by Wayne M. Krakau - Chicago Computer Guide, April 1995 - NewsWare, August 1996

ISA, MCA, EISA, VL, PCI - it's alphabet soup time again! First let's get to the definitions. A bus (it's supposed to be "buss", but I'll bow to current common usage) in a PC is the slot into which you plug circuit boards to add functions.

ISA means Industry Standard Architecture. In English, that means a specification taken from reverse-engineering the original IBM AT bus. (Since IBM never published a thorough description, reverse-engineering was required to derive this specification.) It is a limited bus, but it served the industry well as a standard for growth. It is now only used for limited speed applications such as simple serial and parallel ports.

MCA originally meant Music Corporation of America, but, after some legal wrangling (after the fact) by IBM lawyers, it also became the legitimate abbreviation for Micro Channel Architecture. This bus was IBM's attempt to create another proprietary standard, and, basically, screw up the PC industry for their own benefit. (Remember FUD - Fear, Uncertainty, and Doubt, IBM's unofficial strategy for larger computers?) The only thing it screwed up was IBM's PC division (which is taking massive financial losses). Even IBM has given up on this architectural dead-end.

EISA means Extended ISA. EISA was invented by a committee of manufacturers to combat IBM’s MCA. It has done very well in file servers and other specialty machines, but has not made many inroads in the regular PC (single-user and network workstation) market. If you need a machine full of high-speed slots, such as a file server, EISA is currently the only choice.

The VL bus is another committee design. It was meant to be THE next generation of bus, but has proven to be only an interim step. While its base performance is adequate (it often can outgun its main competitor, PCI), its lack of expandability has doomed it. Each additional VL slot puts more stress on the overall computer system, so your won’t see computers with more than 3 VL bus slots. This makes it acceptable for now, but not for the future.

The PCI bus is THE bus for the future. Even Apple has chosen it! The problem is that "future" is the operative word. Though it is theoretically possible to stuff a machine full of PCI slots, current Intel-based motherboards usually support only two. This limitation is built into the existing Intel chipsets. Some manufacturers have decided not to wait for Intel’s new chipset which will allow three PCI slots (still insufficient for servers) by tweaking their current Intel-based systems to support three. This means that anyone buying these computers is gambling on a kludgy modification to the Intel’s design. ("Kludgy", as in "kludge", an ad hoc change or patch - a quick, inelegant fix.)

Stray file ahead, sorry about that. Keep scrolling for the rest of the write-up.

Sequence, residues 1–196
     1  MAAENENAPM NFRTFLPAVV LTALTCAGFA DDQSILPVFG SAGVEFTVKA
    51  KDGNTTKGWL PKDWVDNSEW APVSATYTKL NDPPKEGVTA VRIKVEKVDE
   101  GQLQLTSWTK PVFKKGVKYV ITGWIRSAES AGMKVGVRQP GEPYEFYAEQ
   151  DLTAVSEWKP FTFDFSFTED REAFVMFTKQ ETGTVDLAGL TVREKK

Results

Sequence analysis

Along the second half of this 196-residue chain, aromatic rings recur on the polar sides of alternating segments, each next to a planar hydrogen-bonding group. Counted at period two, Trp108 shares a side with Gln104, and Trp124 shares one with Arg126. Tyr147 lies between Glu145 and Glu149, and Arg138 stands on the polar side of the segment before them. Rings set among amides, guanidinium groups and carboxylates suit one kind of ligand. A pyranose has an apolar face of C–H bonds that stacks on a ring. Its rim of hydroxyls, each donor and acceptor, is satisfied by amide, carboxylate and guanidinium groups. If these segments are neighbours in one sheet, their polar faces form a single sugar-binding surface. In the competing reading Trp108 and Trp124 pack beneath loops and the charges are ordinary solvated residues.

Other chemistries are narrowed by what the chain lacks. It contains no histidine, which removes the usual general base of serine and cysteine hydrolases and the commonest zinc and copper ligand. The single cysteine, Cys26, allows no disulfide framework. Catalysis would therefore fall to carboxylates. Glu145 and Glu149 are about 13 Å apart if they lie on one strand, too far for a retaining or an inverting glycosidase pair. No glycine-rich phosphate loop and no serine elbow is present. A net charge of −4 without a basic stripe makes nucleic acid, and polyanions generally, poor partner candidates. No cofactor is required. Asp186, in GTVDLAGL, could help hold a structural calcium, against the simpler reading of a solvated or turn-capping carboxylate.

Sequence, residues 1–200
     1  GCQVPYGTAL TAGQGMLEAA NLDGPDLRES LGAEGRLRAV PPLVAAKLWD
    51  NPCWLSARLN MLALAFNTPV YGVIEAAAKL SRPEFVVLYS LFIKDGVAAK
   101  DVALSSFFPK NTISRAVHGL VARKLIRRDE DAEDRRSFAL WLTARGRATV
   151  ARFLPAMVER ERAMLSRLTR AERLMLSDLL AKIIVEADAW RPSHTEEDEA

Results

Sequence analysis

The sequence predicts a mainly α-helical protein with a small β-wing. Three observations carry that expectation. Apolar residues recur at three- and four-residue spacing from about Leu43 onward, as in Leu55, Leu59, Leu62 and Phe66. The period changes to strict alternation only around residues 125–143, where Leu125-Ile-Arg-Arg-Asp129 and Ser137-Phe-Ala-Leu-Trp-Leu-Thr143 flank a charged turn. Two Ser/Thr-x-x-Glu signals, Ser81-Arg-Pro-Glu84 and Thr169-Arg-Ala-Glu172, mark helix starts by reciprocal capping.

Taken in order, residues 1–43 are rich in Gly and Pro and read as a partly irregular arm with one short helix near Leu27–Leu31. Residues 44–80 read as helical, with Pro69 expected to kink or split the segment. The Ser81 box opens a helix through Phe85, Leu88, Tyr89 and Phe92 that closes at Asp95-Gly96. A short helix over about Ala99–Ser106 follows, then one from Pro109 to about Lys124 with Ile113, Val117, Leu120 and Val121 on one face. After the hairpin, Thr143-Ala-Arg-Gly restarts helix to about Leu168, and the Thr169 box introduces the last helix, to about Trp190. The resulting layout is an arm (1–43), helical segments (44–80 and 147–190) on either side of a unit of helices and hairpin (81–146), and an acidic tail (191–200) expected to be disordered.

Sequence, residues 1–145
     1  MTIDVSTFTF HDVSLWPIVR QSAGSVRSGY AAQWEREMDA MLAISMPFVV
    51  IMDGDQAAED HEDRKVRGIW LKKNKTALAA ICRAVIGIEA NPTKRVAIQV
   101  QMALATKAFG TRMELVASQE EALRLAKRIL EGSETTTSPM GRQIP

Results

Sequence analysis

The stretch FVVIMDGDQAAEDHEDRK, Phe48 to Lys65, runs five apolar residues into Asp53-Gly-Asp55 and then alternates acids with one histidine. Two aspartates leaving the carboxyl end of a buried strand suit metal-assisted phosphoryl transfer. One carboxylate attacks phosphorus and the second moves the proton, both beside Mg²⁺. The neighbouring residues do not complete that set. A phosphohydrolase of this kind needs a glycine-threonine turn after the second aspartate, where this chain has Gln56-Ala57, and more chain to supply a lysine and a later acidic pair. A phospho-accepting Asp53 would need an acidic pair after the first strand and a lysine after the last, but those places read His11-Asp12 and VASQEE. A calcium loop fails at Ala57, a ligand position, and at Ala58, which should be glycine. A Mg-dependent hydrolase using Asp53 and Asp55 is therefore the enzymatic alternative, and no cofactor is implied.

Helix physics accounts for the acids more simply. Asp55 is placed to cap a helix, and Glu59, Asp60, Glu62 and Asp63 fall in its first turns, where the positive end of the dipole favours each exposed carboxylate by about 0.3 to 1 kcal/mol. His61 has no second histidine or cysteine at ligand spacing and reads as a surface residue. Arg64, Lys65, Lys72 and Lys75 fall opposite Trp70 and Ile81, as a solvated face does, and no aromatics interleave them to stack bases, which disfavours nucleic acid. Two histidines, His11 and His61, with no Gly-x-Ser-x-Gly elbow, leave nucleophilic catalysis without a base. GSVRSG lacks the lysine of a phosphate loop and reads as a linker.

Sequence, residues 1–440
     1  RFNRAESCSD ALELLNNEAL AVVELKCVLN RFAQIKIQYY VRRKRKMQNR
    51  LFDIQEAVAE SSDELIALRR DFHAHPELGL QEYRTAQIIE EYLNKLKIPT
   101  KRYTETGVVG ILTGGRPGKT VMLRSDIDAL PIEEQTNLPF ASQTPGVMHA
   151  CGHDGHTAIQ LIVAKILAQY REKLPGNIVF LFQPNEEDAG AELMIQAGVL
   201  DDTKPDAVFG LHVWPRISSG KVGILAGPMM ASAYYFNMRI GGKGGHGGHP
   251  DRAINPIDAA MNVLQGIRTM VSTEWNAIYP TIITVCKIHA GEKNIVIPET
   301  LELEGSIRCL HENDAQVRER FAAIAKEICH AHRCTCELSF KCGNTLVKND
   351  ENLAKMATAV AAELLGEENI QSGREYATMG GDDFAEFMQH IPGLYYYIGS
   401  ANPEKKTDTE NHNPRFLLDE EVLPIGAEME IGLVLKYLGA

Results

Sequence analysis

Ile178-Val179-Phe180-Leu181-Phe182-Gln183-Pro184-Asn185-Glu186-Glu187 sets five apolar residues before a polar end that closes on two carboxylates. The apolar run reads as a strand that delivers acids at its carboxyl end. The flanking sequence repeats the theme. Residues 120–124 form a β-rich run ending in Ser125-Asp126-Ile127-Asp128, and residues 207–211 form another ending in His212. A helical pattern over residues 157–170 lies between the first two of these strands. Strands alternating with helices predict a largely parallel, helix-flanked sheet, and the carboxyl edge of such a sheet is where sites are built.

Some motherboard manufacturers have rejected Intel’s chipsets completely and have designed their own. The viability of the resulting motherboards is dependent upon their accurate interpretation of the PCI specification - essentially an Intel invention. These manufacturers offer multiple PCI slots and even combinations of EISA and PCI in a single machine.

PCI has more problems. It has been said (with admitted exaggeration) that when adding a PCI board to a system that already contains one, you have about a 50% chance of having the combination work. Supposedly, this is not due to the PCI specification being inherently bad, but to board designers misinterpreting the definition! Great! That’s just what I want to hear when I’m on the phone to a technical support person while an anxious client looks over my shoulder, expecting me to perform miracles. All I need is to have one side say that the definition is ambiguous and the other side say the definition is precise, but that the interpretation is faulty. (Less filling - Tastes great!) I DON’T CARE! I just want these people to get their act together and make products that will work together every time.